Two former Tesla employees filed a lawsuit against the EV maker Sunday alleging that the company did not provide the 60 days of advance notice required by federal law during a recent round of layoffs.
It’s the latest in a recent spate of suits brought by former employees against Tesla but the first filed since CEO Elon Musk’s June 2 warning that a coming economic downturn would force the company to lay off 10% of its salaried workforce.
The company has since revised its target to just over 3%, Musk said in a Bloomberg News interview at the Qatar Economic Forum last week.
The suit seeks class action status for Tesla employees laid off in the U.S. in May or June without the 60-day advance notice required by the Worker Adjustment and Retraining Notification Act, as well as pay and benefits for the 60-day notification period.
Musk said in internal emails early this month that he had a “super bad feeling” about the economy. Tesla remains the global market leader in EVs, but Volkswagen is poised overtake the Austin, Texas-based manufacturer in 2024, according to a Bloomberg Intelligence report released last week.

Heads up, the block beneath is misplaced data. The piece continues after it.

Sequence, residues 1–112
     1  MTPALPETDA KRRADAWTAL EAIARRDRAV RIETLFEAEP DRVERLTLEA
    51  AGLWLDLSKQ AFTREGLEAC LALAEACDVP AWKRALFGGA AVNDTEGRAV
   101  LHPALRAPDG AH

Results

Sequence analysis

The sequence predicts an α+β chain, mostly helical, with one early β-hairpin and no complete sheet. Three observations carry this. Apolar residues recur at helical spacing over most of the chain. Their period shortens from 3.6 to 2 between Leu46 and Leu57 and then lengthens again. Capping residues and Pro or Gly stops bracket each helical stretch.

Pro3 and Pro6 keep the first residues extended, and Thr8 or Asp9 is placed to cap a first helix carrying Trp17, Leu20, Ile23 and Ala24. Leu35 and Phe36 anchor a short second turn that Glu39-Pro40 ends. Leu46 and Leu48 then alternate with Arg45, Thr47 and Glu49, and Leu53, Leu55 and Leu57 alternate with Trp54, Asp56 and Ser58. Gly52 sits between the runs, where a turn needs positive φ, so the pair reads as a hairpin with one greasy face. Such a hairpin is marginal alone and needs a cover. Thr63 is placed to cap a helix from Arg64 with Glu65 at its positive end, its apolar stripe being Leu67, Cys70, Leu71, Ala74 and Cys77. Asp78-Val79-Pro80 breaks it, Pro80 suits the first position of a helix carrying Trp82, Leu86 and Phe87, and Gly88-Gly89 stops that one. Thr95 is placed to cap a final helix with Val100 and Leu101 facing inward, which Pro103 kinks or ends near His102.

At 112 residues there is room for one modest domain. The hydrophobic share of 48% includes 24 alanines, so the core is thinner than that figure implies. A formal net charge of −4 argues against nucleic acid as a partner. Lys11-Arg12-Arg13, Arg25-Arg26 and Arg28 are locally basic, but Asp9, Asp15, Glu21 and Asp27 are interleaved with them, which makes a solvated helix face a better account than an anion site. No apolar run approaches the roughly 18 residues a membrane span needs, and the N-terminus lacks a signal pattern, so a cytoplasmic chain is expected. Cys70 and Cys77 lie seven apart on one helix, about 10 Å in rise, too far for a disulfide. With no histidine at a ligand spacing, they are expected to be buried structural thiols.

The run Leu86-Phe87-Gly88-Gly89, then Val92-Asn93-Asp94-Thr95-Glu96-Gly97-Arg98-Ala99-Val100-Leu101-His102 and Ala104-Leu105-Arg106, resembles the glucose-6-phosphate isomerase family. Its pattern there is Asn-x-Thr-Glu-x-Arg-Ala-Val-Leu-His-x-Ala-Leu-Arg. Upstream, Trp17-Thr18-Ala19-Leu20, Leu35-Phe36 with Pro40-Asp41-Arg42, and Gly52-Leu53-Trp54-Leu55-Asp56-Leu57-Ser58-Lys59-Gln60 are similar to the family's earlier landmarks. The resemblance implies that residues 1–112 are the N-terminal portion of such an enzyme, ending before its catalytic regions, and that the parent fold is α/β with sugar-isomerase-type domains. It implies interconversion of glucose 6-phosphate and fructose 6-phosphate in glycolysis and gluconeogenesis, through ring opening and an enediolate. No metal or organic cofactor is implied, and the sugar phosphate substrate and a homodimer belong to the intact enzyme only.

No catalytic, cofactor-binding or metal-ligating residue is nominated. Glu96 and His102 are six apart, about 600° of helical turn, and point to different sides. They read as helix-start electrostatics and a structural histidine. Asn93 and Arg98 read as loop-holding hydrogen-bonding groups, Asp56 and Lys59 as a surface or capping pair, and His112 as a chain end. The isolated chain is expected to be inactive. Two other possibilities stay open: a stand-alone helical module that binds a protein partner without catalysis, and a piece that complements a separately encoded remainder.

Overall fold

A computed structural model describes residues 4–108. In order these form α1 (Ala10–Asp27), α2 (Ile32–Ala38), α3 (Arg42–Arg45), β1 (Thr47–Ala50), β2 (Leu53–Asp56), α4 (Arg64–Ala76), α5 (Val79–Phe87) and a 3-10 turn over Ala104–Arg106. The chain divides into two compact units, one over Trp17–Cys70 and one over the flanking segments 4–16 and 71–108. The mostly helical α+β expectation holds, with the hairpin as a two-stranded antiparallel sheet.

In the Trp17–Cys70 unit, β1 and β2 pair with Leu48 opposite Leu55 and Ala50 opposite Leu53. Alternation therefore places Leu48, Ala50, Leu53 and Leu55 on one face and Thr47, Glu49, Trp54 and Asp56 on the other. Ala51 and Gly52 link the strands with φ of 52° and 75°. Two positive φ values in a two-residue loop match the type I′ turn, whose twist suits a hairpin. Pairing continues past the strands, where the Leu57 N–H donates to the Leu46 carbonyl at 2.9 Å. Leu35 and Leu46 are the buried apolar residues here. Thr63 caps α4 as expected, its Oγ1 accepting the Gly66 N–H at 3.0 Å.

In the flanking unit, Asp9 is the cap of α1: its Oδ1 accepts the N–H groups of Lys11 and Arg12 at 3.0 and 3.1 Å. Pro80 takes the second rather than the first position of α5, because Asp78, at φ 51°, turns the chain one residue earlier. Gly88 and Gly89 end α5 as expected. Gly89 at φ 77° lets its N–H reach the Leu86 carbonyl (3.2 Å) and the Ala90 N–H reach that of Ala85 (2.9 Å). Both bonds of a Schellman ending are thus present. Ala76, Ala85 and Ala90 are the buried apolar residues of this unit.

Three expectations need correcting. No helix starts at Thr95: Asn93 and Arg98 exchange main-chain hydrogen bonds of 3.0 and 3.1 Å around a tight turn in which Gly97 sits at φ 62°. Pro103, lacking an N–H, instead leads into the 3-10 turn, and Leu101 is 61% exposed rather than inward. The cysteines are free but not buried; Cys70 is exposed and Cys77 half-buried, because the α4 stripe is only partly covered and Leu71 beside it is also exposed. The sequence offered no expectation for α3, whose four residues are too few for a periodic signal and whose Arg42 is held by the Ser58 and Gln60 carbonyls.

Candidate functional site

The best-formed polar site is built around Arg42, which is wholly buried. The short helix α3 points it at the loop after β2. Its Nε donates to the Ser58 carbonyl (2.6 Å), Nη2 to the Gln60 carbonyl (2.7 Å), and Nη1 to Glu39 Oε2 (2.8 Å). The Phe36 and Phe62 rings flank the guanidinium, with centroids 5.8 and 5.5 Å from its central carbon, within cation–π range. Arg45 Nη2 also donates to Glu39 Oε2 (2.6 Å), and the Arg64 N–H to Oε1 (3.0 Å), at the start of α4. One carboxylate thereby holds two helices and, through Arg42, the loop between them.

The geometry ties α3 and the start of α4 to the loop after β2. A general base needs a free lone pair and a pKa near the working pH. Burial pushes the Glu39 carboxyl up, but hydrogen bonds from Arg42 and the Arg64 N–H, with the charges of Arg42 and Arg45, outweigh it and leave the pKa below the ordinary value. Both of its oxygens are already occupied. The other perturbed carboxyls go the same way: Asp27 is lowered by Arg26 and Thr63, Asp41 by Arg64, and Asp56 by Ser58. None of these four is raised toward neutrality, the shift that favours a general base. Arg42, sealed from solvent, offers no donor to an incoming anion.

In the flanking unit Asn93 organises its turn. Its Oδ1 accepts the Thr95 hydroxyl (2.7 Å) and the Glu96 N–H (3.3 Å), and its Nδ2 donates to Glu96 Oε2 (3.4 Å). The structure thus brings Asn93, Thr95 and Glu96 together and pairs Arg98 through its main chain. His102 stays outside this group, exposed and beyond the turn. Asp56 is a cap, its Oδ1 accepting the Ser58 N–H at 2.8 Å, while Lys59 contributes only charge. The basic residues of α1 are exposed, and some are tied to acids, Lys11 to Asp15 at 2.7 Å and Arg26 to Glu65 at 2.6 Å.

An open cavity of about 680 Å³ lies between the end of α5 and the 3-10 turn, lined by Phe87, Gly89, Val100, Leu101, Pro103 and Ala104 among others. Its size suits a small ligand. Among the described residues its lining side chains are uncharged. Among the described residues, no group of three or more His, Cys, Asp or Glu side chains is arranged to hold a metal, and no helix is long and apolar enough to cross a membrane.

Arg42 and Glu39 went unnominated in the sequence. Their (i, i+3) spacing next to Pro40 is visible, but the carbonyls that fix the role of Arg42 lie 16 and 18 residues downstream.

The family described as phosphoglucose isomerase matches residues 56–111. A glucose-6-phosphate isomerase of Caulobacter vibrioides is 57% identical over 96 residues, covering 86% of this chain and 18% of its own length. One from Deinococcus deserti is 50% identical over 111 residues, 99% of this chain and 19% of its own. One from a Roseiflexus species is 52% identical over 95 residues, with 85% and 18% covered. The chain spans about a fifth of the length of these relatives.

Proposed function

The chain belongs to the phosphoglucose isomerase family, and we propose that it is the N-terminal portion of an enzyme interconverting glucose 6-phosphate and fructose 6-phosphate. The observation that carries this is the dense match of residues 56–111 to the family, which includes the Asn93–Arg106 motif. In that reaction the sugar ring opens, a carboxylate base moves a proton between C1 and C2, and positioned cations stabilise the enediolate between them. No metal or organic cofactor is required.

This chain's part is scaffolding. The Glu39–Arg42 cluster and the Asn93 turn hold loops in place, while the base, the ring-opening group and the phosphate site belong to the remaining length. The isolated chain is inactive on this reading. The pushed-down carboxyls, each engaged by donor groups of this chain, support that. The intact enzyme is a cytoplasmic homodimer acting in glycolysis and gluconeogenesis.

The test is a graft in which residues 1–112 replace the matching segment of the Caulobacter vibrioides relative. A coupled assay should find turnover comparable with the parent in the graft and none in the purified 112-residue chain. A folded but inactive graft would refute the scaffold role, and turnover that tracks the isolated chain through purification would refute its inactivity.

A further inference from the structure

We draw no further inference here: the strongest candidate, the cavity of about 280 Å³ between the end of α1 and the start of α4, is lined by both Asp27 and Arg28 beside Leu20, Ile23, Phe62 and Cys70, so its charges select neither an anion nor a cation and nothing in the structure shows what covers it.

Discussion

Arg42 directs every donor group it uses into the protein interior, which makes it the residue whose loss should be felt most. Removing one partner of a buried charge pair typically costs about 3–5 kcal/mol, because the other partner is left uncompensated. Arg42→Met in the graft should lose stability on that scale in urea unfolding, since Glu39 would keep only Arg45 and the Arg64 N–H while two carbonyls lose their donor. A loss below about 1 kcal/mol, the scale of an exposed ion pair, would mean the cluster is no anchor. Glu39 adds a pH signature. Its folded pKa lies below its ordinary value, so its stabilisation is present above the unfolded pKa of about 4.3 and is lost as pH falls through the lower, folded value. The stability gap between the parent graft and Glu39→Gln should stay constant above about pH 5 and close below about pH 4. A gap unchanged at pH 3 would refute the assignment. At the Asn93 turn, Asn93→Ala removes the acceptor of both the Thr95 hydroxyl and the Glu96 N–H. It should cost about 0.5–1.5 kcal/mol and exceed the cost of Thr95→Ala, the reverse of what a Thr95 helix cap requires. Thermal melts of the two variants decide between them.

John Lynch and Daxton Hartsfield, the pair of workers who filed the lawsuit in the U.S. District Court for the Western District of Texas, were let go mid-June, along with more than 500 other employees, from Tesla's Gigafactory 2 in Sparks, Nevada, according to the complaint.
The complaint also said that Tesla’s failure to provide advance written notice has had a “devastating economic impact” on the terminated workers. According to the suit, the company offered some employees one week of severance.
“Instead, Tesla has simply notified the employees that their terminations would be effective immediately,” the filing said. “Tesla has also failed to provide a statement of the basis for reducing the notification period to zero days advance notice.”
The automaker and its subsidiaries employed just under 100,000 workers in 2021, according to its annual filing. That includes headcount at its factories and facilities in Austin and Sparks, Nevada, as well as in Buffalo, New York, Fremont, California, Berlin and Shanghai.
The company did not return immediate request for comment Tuesday.